Lost Taxes and Other Costs of Marijuana Lawsby Jon Gettman 7. Commentary

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The budgetary cost of marijuana laws has been calculated above as $41.8 billion. The social cost consists of the widespread availability of marijuana to adolescents and teens as well as other ramifications of the government’s utter lack of ability to exercise any control over the illicit marijuana market.

The failure to exercise control over the marijuana market through regulatory controls has resulted in many social problems. Discussion of these problems, such as the increasing potency of marijuana presenting increases in risks to adolescent users and increased visits to emergency rooms for marijuana related injuries, the increase in drug treatment referrals for marijuana by the criminal justice system, continued availability of marijuana to middle and high school students, and the increasing number of individuals involved in selling drugs over the last 20 years, are beyond the scope of this report. However, these problems all stem from the failure of current policy. The objective of drug control policies is to control the manufacture, distribution, and availability of drugs. These social problems, some of which are detailed with statistics presented in this report, all indicate a failure to exercise control.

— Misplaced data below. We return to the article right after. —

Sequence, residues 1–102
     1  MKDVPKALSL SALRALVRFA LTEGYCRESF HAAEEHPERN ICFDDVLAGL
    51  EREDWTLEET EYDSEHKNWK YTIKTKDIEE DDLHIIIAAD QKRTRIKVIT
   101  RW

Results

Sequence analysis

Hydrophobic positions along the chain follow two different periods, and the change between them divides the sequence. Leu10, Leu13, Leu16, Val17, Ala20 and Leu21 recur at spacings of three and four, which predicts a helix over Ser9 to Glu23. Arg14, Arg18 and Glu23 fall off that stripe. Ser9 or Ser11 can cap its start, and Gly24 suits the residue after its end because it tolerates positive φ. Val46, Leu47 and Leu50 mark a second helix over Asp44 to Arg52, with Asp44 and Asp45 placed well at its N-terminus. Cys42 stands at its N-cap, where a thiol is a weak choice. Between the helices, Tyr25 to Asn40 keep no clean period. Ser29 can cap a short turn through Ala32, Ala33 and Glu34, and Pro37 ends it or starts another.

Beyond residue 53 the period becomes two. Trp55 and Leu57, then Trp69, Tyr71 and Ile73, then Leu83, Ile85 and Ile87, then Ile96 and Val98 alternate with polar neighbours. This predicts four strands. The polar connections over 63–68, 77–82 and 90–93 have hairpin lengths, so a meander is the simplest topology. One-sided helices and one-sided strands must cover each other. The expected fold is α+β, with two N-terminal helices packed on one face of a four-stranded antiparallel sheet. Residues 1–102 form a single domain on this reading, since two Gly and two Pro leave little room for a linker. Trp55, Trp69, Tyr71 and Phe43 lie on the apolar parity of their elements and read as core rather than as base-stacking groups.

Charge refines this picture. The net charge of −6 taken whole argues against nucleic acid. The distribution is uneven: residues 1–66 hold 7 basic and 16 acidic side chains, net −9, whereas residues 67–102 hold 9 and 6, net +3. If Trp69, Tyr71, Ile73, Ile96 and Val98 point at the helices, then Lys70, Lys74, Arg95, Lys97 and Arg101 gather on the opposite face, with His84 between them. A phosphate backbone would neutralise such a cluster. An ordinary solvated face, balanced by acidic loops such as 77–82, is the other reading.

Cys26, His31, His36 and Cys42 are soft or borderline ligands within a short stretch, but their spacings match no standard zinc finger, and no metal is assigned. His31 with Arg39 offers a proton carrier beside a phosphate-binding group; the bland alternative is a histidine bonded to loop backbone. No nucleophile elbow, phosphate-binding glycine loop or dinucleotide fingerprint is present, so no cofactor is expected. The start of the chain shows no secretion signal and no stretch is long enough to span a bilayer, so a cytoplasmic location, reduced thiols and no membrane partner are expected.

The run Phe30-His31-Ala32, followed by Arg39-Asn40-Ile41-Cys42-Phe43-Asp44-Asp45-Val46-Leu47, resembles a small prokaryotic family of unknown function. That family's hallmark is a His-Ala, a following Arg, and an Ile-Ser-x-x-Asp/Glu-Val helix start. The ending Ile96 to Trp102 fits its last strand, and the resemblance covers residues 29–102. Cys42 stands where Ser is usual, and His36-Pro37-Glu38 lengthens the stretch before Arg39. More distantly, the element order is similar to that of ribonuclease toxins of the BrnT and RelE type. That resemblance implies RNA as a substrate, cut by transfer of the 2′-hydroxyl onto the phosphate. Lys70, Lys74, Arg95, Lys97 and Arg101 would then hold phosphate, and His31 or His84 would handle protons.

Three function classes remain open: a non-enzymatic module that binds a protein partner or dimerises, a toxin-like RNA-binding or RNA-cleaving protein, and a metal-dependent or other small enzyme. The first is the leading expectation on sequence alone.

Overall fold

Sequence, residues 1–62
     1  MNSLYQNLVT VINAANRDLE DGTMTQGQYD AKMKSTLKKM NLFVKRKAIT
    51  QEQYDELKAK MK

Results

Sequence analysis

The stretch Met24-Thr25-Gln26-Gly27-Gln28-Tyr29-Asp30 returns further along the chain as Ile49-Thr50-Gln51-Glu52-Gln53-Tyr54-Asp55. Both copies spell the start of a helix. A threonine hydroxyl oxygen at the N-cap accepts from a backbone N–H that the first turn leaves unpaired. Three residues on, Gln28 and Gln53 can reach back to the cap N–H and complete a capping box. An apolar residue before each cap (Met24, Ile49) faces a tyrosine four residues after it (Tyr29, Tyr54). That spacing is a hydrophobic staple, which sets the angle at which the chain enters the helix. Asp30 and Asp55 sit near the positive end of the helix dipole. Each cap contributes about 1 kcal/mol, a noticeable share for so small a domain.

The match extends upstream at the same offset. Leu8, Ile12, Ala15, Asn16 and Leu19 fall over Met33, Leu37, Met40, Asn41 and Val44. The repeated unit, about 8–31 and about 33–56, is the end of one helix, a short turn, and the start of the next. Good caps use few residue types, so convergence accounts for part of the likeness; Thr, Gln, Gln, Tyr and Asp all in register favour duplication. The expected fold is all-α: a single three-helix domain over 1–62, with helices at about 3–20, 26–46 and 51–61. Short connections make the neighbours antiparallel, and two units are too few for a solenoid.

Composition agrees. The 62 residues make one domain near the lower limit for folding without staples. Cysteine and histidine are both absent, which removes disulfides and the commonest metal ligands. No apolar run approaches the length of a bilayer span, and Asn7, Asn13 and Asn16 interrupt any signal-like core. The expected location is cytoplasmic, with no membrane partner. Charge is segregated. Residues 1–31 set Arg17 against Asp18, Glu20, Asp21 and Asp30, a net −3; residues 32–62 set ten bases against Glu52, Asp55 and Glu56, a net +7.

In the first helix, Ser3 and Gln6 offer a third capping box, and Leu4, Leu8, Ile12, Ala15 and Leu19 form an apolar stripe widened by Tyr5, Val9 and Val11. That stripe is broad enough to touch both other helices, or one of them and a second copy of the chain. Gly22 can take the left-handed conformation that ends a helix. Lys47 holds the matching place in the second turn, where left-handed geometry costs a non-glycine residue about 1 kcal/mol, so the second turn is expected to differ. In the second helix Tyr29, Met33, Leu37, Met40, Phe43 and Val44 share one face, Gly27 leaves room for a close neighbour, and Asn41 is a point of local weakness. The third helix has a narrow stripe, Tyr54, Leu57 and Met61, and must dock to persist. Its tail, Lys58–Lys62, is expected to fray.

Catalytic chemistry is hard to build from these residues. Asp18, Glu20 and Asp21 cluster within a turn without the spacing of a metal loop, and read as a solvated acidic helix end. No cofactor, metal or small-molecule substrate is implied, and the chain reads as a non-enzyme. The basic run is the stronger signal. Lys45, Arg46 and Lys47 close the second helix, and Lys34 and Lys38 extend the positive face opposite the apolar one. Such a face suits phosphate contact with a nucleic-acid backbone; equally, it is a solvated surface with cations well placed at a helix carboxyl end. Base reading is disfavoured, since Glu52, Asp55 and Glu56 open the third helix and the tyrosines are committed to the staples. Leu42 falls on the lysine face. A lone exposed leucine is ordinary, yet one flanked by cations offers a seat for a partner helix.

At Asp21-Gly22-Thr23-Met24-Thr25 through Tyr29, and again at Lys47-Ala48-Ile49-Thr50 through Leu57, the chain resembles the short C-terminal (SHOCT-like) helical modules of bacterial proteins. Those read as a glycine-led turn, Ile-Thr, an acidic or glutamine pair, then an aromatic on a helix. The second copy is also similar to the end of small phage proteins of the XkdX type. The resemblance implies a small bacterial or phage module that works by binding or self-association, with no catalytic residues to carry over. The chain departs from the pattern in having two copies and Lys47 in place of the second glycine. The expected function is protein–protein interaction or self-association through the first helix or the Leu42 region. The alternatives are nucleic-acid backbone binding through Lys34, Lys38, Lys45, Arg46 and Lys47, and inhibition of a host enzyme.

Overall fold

Ironically, these policy failures are often cited by law enforcement as a justification for continuing current policies. Just as the costs of enforcing marijuana laws are cited as a cost of drug abuse rather than public policy, these social problems are misrepresented to the public as evidence that marijuana use requires criminal sanctions rather than regulation. Policy failures brought about by this lack of effective controls is not a valid justification of current policies. The statistical data cited in this report on the supply, availability, use, price, and value of marijuana demonstrate that the amount of lost taxes and other fiscal costs of current policy are increasing and proliferating over time.

The regulation and legalization of marijuana would produce the following benefits:

* Legalization would restore the capital flow in the illegal marijuana market to legitimate and taxable economic channels.

* Legalization would eliminate contemporary criminal justice and border security costs and provide for the reallocation of resources to other pressing drug, immigration, and homeland security problems.

* Legalization would likely deflate teen commerce in marijuana and consequently contribute to a reduction in availability of marijuana to teens and adolescents.

* Legalization would eliminate the flow of considerable capital away from the US economy by contributing to an increase in the amount of marijuana grown in the US for domestic consumption.

* Legalization would shift the fiscal costs related to marijuana use from all taxpayers to marijuana users themselves by way of excise taxes.